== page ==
I didn’t start thinking about the financial thing until I got the aid letter in front of me and thought “how is this going to be possible?”
In high school I got a Hydro Flask, but I dented it the first week I got it because I am very accident-prone. It was in a weird spot so I thought I can’t really put a sticker there. So I asked my art teacher for some paint to cover it up and ended up painting some landscapes and San Francisco scenery. I did my friends’ water bottles too, and for free, because they were asking about it. When I came back from my study abroad program [during senior summer], people were still asking, so I thought I’d do it for $5 bucks. It was just a wave. But when I got the financial aid package I thought I really have to do more of these to even consider Wesleyan as a possibility.
As the designs got more complicated and as people got more interested, I bumped up the prices and I have this thing now.
I was even able to write it on my college applications, and I think it was one of the things that helped me stand out on my college applications with the Associate Dean of Admissions at Wesleyan.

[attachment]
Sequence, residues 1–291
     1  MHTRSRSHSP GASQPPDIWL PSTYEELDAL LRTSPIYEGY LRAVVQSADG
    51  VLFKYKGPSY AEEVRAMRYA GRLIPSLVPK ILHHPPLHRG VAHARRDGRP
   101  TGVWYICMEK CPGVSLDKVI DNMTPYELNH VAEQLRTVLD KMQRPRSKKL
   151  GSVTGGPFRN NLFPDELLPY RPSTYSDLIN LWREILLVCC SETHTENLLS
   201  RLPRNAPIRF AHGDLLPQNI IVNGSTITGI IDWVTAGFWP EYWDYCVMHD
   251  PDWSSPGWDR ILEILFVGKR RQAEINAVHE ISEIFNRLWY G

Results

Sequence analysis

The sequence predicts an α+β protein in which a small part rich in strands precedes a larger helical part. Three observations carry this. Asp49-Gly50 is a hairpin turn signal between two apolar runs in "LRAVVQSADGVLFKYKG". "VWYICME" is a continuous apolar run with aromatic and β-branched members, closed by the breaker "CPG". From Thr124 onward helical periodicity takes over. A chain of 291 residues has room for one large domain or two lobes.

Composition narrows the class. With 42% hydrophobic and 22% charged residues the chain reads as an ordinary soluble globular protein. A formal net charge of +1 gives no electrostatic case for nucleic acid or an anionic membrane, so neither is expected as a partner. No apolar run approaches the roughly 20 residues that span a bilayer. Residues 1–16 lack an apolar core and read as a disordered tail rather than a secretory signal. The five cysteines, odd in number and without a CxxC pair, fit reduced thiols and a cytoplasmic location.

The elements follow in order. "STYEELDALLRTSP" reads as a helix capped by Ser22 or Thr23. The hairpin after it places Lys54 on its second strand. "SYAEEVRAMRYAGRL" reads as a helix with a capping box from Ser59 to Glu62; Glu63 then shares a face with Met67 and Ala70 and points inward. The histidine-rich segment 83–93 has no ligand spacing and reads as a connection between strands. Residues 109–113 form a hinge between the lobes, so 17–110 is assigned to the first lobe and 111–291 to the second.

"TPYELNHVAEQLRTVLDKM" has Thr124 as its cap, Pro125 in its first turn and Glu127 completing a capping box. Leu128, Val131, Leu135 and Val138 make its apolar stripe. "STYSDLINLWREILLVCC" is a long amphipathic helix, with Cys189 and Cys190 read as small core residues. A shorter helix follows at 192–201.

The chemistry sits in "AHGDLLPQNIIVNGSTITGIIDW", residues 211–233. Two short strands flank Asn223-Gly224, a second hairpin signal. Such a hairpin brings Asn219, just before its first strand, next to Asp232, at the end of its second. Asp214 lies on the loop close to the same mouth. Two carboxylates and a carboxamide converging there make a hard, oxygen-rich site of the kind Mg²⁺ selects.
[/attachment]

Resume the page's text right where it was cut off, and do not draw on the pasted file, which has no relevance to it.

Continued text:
What advice would you give those younger than you?
The immediate one I think of is getting out of your comfort zone. If you want opportunities they won’t be handed to you, you have to go after them. A lot of time people just complain about the situation. Seek opportunities if they are not available to you.
Talk to people who already have the experience. My counselors weren’t available, so if I wanted to know what was going on, I would go talk to other schools, or professors or counselors at city colleges.
RaiseMe Insight: Do you have questions on the college application process or financial aid? applications or aid? ASK! Follow Leanna’s example: she did not have all of the information when she applied to school, so she asked the counselors at her community organization and her dream school about what was possible.
Editorial Note:Leanna’s story has been edited for clarity purposes.